CSUN Students Hold Silent Protest in ‘Stain of Denial’ Campaign

Students across California college campuses staged silent protests as part of the ASA's Stain of Denial campaign

NORTHRIDGE, Calif.—On Thursday, Feb. 5, the Armenian Student Association (ASA) at California State University, Northridge (CSUN) held a silent protest against Armenian Genocide denial, as part of an annual “Stain of Denial” event with other campuses’ ASAs.

Stain of Denial is a California-wide initiative started by the All-Armenian Student Association (All-ASA), meant to raise awareness about the Armenian Genocide and its continued denial by the Republic of Turkey.

The silent demonstration included protestors with red tape placed over their mouths, with informational posters and flyers meant to educate the public about the genocide, its history and denial, and related crimes against humanity. The silence of the protestors symbolizes the reality of the Turkish government’s denial, and therefore its push for silencing the Armenian voice in its call for recognition.

At CSUN, the protest took place at Matador Walk, the walkway in front of Oviatt Library, one of the busiest paths on campus. CSUN has the largest Armenian student population at a university outside the Republic of Armenia at about 3800. Students gathered on the walkway in the morning, strategically placed themselves throughout the walkway, and proceeded to pass out flyers and hold posters for all students to see. Dozens of CSUN students approached the students to ask questions about the genocide, the Armenian race as a whole, and more.

Dikran Khodanian, a fourth-year undergraduate at CSUN and culture chair at the ASA, said: “One of the main purposes is awareness, during an unconventional time of the year. Each protester that is sitting with a poster and with tape on their mouth becomes a form of knowledge, enlightenment and education that each person walking through the walkway sees and will learn from.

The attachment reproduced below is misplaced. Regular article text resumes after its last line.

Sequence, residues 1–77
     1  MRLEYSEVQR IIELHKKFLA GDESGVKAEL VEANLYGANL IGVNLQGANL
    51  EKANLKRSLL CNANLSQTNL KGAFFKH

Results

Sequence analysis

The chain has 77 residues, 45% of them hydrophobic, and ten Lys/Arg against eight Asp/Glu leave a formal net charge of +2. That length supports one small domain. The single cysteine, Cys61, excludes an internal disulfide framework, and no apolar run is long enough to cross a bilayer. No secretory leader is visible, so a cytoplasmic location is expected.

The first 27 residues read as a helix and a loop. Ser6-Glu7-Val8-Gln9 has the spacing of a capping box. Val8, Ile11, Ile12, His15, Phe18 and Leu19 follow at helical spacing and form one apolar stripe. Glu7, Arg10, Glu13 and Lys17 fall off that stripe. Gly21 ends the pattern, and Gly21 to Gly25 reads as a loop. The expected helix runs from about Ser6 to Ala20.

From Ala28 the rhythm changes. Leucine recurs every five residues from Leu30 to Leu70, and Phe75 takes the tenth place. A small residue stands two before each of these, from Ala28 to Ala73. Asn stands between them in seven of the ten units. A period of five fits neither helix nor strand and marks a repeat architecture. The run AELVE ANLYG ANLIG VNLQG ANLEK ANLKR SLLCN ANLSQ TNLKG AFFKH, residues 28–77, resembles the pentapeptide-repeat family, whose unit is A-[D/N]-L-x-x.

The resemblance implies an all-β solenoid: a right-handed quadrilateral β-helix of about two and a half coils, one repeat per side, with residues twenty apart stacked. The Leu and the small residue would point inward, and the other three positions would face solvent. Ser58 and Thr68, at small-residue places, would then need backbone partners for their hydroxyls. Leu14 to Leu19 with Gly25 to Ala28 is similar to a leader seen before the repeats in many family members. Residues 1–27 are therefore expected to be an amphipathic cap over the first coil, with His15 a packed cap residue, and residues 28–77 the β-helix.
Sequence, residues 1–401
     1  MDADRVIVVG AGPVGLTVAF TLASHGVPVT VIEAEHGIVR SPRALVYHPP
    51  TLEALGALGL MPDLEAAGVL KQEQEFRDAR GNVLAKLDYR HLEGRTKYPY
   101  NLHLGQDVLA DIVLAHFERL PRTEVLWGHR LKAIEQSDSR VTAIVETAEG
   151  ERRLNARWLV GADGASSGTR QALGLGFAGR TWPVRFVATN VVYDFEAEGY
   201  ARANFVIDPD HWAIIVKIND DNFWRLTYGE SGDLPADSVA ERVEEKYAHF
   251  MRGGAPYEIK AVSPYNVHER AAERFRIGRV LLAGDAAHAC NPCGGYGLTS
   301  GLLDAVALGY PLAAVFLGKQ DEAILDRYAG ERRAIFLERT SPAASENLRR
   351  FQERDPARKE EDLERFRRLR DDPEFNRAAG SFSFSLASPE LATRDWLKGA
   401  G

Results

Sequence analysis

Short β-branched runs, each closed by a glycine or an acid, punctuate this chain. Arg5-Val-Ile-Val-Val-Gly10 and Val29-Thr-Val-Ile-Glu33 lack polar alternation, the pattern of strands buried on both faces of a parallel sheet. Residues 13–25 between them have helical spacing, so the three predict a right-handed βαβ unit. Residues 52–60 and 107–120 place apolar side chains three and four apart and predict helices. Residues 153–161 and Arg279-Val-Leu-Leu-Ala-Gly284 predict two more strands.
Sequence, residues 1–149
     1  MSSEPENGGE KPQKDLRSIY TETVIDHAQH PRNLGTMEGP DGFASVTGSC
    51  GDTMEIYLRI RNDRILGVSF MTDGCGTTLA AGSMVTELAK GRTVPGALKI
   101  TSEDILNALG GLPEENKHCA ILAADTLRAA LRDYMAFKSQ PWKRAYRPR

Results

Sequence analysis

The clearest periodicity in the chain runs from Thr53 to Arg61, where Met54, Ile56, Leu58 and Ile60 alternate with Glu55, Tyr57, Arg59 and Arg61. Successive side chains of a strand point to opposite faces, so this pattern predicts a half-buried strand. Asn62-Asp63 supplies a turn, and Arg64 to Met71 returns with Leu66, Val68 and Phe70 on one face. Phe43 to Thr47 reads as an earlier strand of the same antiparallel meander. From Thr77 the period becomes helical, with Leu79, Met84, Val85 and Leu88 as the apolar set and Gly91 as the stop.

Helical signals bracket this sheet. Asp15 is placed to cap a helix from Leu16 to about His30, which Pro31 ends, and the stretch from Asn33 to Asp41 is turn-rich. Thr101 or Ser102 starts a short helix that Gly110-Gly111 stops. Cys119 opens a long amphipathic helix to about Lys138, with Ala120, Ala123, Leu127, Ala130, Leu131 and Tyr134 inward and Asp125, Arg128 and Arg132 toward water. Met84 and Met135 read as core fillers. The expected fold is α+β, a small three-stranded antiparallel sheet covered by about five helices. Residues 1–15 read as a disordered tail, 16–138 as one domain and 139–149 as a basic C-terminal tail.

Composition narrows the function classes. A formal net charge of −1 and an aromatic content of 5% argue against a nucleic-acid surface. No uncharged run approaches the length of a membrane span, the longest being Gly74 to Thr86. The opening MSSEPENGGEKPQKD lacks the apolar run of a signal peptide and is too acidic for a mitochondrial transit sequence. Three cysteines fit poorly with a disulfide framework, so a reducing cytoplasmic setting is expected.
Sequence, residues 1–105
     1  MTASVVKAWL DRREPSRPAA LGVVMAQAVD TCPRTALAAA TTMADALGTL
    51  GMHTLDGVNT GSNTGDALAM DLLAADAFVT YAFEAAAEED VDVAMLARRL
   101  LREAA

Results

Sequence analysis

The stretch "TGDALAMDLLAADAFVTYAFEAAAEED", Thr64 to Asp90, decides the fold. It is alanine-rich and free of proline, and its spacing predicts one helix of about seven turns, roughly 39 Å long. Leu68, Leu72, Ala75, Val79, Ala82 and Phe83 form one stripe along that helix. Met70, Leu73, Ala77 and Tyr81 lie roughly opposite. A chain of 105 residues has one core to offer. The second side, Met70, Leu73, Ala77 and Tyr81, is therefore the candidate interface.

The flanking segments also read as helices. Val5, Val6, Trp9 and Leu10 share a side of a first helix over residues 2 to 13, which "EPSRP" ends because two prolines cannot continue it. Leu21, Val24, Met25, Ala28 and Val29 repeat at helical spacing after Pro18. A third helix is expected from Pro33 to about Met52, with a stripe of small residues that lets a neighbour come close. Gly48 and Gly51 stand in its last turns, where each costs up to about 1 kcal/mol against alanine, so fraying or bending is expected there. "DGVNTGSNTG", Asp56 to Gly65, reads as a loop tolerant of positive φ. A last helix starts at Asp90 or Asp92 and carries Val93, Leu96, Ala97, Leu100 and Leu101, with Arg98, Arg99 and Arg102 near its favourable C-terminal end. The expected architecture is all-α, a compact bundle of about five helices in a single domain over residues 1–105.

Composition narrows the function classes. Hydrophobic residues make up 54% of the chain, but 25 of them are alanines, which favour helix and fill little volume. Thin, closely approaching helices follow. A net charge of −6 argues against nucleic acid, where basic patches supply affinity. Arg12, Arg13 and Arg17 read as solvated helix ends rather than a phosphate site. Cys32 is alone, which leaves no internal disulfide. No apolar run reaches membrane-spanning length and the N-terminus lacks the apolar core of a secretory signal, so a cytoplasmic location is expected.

“Walking through Matador Walk, many people became exposed to a race they had not heard of, and a cause they weren’t familiar with, that they stood in solidarity with and even joined throughout the four hours. Walking through this walkway, many people could not believe that this had happened in history, and that it is still an occurrence that is affecting all Armenians who are part of the Diaspora and who that took part in the protest. And sitting on this walkway, a movement is created as the Armenian youth across California come together for this day, simultaneously protesting for a cause that they feel so strongly for.”

The Stain of Denial protest took place simultaneously on other campuses as well, including the University of California campuses of Los Angeles, Santa Barbara, San Diego, and Riverside, California State, Long Beach, and others. At UCLA’s campus, about thirty protesters maintained a consistent presence on Bruin Walk, one of the main walkways of the campus. Mikael Matossian, a fourth-year undergraduate and president of the ASA at UCLA, was on one participant who helped organize a silent, campus-wide march with banners and posters meant to bring the issue to multiple parts of the school.

The All-ASA awareness effort also took place on social media, where the hashtag #StainofDenial was spread all over Twitter, Facebook, and Instagram. The Armenian Youth Federation (AYF) helped to spread the word as well.

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